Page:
THE ARTS SOCIETY KENNET & SWINDON
LECTURE: "COMMON GROUND - RENAISSANCE GARDENS OF ITALY"
Monday, 21 January 2019 - coffee from 10am - at the Ellendune Centre, Wroughton
The Sack of Rome in 1527 brought the Italian Renaissance to a crunching halt and
caused a general exodus of patrons and artists into the safety of the surrounding countryside.
Here they found themselves among forested volcanic hills watered by springs, in settings celebrated in antiquity by the Romans and Etruscans.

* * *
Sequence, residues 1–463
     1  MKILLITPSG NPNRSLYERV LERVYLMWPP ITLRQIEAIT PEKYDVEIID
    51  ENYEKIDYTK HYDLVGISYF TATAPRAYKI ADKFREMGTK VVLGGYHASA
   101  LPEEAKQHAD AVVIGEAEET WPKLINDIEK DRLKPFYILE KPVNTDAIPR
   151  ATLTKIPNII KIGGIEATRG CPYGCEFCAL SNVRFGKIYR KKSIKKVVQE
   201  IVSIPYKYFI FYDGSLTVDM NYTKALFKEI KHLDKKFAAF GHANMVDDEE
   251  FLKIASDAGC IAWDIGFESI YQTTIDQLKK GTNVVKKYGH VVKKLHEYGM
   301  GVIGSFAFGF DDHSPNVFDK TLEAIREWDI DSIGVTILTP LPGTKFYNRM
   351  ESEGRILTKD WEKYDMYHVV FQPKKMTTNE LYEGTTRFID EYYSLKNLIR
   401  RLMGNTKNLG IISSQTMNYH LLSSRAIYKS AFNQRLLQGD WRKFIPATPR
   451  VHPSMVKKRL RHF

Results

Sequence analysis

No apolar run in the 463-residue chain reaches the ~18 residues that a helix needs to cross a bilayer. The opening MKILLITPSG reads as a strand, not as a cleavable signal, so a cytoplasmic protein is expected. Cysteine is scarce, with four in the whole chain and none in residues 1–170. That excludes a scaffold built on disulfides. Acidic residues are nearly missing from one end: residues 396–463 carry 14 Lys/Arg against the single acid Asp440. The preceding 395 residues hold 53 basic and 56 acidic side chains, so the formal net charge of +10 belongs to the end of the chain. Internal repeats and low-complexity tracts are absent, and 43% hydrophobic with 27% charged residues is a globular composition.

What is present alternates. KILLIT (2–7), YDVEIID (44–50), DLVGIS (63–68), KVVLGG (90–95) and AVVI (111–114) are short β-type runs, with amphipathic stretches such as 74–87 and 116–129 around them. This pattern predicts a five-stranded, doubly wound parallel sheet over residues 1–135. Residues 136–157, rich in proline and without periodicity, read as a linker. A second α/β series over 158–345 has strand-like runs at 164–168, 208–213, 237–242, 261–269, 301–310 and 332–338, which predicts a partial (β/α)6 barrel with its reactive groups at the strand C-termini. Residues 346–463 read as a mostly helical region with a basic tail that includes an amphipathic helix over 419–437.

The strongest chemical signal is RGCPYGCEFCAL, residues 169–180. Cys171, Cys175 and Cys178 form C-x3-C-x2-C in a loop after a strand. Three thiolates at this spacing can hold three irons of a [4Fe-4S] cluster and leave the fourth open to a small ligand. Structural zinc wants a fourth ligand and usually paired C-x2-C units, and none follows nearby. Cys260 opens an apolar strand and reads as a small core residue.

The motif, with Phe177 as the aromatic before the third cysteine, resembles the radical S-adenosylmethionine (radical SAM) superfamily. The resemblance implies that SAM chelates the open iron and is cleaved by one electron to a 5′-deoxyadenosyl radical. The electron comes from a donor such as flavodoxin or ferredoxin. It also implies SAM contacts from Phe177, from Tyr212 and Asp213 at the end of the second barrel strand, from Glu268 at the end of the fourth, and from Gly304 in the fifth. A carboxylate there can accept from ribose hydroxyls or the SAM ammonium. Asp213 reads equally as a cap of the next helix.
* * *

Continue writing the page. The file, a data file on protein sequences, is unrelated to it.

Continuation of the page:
This led to the creation of country villas surround by lavish gardens.
Theses gardens made geometric order out of the sloping woodland, terracing the ground into
descending courtyards populated by statues, and channelling the natural
watercourses into pools, fountains and cascades.
A surprising number of these sites survive in good order today -
among them the Villa d’Este at Tivoli (shown above - 1560-1575)
Steven Desmond is a chartered horticulturist specialising
in the historic parks and gardens in Britain and Europe.
He writes for Country Life, and leads specialist tours of historic houses
and gardens in Britain and further afield.
His book Gardens of the Italian Lakes is published by Frances Lincoln.